The Renault autoworkers in Bursa, Turkey, halted production on May 15. Tofaş workers, who produce Fiat cars, stopped working the following day. The wildcat strikes spread to six other factories in the metal sector in Bursa.
Several other factory workers in Bursa, Kocaeli, Ankara, and Sakarya either went on strike or protested against their employers. More than 20,000 workers have taken strike action, and the Renault workers are still not back to work as this paper goes to press.
The striking workers have three major demands: First, they want a wage increase. Autoworkers in Turkey have experienced sharp wage cuts in recent years. The average hourly wage in the sector is 3.38 USD. Real wages (adjusted for inflation) declined by 8.2 per cent since 2009, while productivity increased annually by 3.4 per cent in Renault and by 8.1 per cent in Ford between 2010 and 2014.
Second, the workers want to expel the bureaucratic, right-wing, and mafioso-controlled Türk Metal trade union from their factories. This union fully collaborates with the ruling neo-liberal Islamist Justice and Development party. The workers want to elect their own representatives.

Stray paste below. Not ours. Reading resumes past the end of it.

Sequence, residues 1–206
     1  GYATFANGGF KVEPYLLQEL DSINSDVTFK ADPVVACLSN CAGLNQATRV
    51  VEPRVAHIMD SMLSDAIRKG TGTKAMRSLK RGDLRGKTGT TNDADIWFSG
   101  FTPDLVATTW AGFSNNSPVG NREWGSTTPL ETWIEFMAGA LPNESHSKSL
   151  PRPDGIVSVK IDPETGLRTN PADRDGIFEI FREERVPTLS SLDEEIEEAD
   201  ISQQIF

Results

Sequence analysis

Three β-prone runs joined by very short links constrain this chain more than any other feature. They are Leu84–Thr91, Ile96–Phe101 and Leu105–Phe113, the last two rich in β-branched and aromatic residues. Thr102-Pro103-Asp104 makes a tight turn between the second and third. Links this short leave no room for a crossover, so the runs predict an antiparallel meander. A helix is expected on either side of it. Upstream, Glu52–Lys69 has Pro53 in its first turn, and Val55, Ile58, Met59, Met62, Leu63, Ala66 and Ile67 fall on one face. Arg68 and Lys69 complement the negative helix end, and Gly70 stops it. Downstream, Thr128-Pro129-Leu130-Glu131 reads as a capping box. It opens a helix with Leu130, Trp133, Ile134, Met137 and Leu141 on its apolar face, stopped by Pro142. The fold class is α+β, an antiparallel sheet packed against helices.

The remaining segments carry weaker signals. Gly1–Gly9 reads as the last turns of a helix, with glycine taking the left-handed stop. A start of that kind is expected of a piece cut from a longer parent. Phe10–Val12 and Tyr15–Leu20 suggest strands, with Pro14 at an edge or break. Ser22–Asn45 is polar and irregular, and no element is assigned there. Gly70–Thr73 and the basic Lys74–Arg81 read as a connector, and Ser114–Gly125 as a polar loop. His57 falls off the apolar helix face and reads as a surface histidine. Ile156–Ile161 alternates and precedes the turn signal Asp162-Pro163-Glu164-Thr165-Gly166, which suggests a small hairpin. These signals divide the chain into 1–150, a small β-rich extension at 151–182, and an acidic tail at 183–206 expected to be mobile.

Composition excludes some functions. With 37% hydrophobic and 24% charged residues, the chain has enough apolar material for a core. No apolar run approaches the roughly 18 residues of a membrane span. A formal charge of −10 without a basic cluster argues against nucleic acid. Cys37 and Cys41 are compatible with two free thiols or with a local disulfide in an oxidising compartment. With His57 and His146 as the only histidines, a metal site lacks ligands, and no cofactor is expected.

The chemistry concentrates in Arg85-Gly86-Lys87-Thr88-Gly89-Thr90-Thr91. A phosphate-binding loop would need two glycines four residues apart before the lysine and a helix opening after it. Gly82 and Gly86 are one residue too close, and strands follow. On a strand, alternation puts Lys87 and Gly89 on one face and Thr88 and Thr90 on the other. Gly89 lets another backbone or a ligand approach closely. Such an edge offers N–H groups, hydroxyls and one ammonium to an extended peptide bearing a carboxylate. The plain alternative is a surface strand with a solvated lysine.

And third, they want a guarantee that there will be no punitive layoffs. Retribution is not uncommon, as the right to strike is not well respected in Turkey.
With this series of strikes, the Turkish working class finally dominates the scene politically. In the summer of 2013, protests to challenge an urban development scheme in Istanbul sparked a wave of demonstrations all around Turkey, involving millions of protesters. Despite workers’ participation in these protests, working class organizations maintained a low profile, and working-class demands did not surface. Now, on the second anniversary of this popular revolt, the working class is beginning to rise against their corrupt union leaders and their bloodthirsty bosses.